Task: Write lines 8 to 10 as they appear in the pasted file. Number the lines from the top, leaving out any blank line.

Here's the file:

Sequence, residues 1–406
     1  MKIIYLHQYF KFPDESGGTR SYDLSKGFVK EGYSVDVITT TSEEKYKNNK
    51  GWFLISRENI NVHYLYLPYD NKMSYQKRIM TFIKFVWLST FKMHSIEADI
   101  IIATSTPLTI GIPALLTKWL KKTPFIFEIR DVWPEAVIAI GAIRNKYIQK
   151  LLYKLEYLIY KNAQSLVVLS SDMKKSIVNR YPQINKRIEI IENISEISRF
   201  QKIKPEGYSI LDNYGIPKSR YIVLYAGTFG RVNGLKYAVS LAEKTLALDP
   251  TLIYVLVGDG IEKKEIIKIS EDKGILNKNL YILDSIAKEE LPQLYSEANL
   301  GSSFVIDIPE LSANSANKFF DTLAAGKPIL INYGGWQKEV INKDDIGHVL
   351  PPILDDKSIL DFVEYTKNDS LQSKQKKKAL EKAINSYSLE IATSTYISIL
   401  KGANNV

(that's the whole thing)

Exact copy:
   301  GSSFVIDIPE LSANSANKFF DTLAAGKPIL INYGGWQKEV INKDDIGHVL
   351  PPILDDKSIL DFVEYTKNDS LQSKQKKKAL EKAINSYSLE IATSTYISIL
   401  KGANNV